The walkabout model suggests that our solution to this problem must measure up to a number of criteria. First of all, it should be experiential and the experience should be real rather than simulated; not knowledge about aerodynamics and aircraft, not passing the link-trainer test, but the experience of solo flight in which the mastery of relevant abstract knowledge and skills is manifest in the performance. Second, it should be a challenge which extends the capacities of the student as fully as possible, urging him to consider every limitation he perceives in himself as a barrier to be broken through; not a goal which is easily accessible, such as playing an instrument he already plays competently, but a risky goal which calls for a major extension of his talent, such as earning a chair in the junior symphony or a gig at a reputable discotheque. Third, it should be a challenge the student chooses for himself. As Margaret Mead has often pointed out in "Growing Up in Samoa", for instance the major challenge for young people in our society is making decisions. In primitive societies there are few choices; in technological societies like ours there is a bewildering array of alternatives in life-style, work, politics, possessions, recreation, dress, relationships, environment, and so on. Success in our lives depends on the ability to make appropriate choices. Yet, in most schools, students make few decisions of any importance and receive no training in decision making or in the implementation and reassessment cycle which constitutes the basic growth pattern. Too often, graduation cuts them loose to muddle through for themselves. In this walkabout model, teachers and parents may help, but in the Rogerian style -- by facilitating the student's decision making, not by making the decisions for him. The test of the walkabout, and of life, is not what he can do under a teacher's direction, but what the teacher has enabled him to decide and to do on his own.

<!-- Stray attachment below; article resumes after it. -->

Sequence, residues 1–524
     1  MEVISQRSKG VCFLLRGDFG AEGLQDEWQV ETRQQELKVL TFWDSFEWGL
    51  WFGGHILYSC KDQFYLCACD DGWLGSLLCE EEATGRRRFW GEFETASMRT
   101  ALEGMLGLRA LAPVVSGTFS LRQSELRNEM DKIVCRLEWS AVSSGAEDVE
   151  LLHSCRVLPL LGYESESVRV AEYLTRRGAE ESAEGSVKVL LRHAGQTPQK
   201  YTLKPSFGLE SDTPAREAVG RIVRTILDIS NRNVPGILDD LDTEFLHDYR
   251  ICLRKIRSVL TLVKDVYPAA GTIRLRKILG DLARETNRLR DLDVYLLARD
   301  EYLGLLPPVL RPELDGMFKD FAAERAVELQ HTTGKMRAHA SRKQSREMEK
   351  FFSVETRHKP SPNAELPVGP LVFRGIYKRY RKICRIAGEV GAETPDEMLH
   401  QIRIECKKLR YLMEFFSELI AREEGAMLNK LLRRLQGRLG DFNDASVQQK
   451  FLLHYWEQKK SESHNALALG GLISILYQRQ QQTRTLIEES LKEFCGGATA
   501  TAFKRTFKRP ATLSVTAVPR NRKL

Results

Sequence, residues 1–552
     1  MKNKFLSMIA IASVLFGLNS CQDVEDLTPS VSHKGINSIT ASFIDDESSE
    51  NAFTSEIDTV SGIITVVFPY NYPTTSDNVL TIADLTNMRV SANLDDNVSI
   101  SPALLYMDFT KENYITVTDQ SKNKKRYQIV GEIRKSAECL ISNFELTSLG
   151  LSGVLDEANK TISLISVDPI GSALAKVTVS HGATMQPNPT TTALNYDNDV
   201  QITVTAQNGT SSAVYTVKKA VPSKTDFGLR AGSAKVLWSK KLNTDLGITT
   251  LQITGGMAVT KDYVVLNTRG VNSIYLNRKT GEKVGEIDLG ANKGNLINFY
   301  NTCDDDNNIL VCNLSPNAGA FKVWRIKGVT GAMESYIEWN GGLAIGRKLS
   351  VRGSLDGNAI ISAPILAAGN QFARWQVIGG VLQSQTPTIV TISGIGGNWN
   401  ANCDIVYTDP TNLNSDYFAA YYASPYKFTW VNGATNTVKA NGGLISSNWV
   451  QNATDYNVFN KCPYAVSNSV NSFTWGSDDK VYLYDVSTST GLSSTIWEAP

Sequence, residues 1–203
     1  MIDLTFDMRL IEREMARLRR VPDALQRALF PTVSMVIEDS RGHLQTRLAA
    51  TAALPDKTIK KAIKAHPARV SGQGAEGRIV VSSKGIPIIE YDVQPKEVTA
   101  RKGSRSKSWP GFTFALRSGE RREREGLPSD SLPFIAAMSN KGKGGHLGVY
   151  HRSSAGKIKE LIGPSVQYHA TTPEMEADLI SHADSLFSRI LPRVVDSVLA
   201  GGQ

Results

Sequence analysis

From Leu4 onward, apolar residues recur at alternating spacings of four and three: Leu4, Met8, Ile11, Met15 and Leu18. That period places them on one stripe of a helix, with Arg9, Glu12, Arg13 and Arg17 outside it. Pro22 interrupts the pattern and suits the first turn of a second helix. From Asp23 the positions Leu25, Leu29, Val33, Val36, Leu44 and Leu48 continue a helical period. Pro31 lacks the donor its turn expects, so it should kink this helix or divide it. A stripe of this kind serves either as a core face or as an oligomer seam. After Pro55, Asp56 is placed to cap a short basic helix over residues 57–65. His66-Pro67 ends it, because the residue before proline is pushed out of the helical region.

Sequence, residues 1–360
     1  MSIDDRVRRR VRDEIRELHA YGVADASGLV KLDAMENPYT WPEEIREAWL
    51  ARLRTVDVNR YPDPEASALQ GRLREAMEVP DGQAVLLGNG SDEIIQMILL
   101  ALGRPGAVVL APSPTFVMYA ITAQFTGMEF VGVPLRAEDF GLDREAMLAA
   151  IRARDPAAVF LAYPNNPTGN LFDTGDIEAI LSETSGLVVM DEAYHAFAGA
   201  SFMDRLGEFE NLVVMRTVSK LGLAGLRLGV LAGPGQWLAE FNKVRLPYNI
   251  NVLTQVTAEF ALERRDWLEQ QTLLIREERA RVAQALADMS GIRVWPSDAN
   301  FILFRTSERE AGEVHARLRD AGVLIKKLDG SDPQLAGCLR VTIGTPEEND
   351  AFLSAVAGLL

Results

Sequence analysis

In addition, the trial should be an important learning experience in itself. It should involve not only the demonstration of the student's knowledge, skill, and achievement, but also a significant confrontation with himself: his awareness, his adaptability to situations, his competence, and his nature as a person. Finally, the trial and ceremony should be appropriate, appropriate not as a test schooling which has gone before, but as a transition from school learning to the life which will follow afterwards. And the completion of the walkabout should bring together parents, teachers, friends, others to share the moment with him, to confirm his achievement, and to consolidate the spirit community in which he is a member. Keeping these features of the walkabout analogy in mind, let now ask the question, What might a graduation ceremony in this mode be like in a North American high school?